We are a commune of inquiring, skeptical, politically centrist, capitalist, anglophile, traditionalist New England Yankee humans, humanoids, and animals with many interests beyond and above politics. Each of us has had a high-school education (or GED), but all had ADD so didn't pay attention very well, especially the dogs. Each one of us does "try my best to be just like I am," and none of us enjoys working for others, including for Maggie, from whom we receive neither a nickel nor a dime. Freedom from nags, cranks, government, do-gooders, control-freaks and idiots is all that we ask for.
If we're talking about building lower body strength and power (as opposed to endurance, agility, etc), then you really need to do things like barbell squats and deadlifts. Men and women, all ages. Walking and running do nothing to improve lower body strength.
For ordinary "functional" fitness, lots of people skip the weights and do body-weight lower body strength workouts. These are the basuc things you need to hike up hills all day. Body-weight Lunges and Squats . And although Stair Machines are usually considered a cardio/endurance activity, they are a body-weight lower body muscle stressor for sure so I consider them cardio/calisthenic if done at a good intensity.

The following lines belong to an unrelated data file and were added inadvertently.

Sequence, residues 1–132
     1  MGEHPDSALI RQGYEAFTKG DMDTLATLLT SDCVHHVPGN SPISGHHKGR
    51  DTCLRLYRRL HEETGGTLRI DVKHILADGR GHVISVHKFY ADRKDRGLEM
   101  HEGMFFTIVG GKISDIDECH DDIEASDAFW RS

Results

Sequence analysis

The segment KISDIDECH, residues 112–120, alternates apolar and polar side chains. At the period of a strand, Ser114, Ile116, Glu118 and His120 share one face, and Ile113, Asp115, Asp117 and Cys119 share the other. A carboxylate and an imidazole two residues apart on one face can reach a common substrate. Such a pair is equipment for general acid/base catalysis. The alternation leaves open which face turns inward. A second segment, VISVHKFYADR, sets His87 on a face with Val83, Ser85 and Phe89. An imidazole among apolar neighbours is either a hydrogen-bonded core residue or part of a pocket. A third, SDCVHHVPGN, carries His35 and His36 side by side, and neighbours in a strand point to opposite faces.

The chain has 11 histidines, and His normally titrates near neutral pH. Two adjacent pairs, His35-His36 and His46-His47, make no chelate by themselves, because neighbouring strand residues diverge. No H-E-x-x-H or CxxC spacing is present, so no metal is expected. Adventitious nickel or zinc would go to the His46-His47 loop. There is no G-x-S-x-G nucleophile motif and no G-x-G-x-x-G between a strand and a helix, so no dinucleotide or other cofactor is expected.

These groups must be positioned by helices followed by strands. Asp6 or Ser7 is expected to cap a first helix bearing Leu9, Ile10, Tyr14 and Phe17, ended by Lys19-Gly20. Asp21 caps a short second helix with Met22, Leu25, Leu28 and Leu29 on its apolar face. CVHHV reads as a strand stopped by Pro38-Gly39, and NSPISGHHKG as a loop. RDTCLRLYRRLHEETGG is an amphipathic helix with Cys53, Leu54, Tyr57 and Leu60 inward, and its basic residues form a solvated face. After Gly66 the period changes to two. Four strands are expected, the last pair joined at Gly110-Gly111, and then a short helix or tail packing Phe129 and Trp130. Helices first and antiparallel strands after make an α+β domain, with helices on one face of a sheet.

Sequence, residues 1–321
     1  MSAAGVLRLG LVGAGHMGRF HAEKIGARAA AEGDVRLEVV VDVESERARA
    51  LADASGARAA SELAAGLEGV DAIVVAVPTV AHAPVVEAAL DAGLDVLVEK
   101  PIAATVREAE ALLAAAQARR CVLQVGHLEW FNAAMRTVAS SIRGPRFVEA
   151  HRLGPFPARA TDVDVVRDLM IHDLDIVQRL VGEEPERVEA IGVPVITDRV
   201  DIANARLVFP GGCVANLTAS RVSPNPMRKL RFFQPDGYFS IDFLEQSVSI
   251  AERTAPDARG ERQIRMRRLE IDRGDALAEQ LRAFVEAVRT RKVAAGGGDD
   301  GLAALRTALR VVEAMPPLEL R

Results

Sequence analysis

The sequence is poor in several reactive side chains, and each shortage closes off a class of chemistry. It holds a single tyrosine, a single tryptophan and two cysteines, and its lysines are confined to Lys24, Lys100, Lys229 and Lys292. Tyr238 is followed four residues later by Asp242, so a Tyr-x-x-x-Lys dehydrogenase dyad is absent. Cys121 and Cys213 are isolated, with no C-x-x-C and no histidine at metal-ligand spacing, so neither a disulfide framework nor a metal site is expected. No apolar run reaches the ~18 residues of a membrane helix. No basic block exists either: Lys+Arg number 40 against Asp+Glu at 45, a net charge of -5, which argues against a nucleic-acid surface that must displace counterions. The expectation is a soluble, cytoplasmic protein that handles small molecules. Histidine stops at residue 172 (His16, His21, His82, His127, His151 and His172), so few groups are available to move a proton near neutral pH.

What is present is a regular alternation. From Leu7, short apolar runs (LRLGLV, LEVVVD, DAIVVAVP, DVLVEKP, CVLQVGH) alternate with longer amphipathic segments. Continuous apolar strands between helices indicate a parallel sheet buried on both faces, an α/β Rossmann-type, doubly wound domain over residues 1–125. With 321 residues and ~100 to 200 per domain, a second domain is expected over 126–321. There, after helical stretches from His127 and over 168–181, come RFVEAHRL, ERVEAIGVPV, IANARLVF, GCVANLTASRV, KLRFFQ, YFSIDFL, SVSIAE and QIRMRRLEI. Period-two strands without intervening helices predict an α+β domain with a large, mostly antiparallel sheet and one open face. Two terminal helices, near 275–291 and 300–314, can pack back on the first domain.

Predictably, I come down to my usual recommendations: Do all of it: Weights for strength and bone, cardio for heart, endurance, and stamina, and body-weight exercise/calisthenics for everything.
This 15- minute set of leg calisthenics with no breaks from Mindy looks good and tough. I would find it challenging at the least. Feel the burn. An hour of calisthenics like this will make you feel great the rest of the day.
I’ve been a swimmer - a serious swimmer - my whole life. I have seriously strong legs, even tho speed and power comes 85% from arms and back. I can squat all day long. I have done weights for strength for back and arms and it has added power to swim. And helped keep rotator damage at bay. So I can keep swimming miles. My husband the very serious runner does weights for upper body strength and endurance. He does intentional weights to enhance the running that he enjoys. Not for its own sake.
NFL great Bo Jackson, with thighs as big as my waist, said that he didn't do weights. He did a lot of manual labor, calisthenics, running up hills, etc. I am not sure how true this is but then again why would he lie.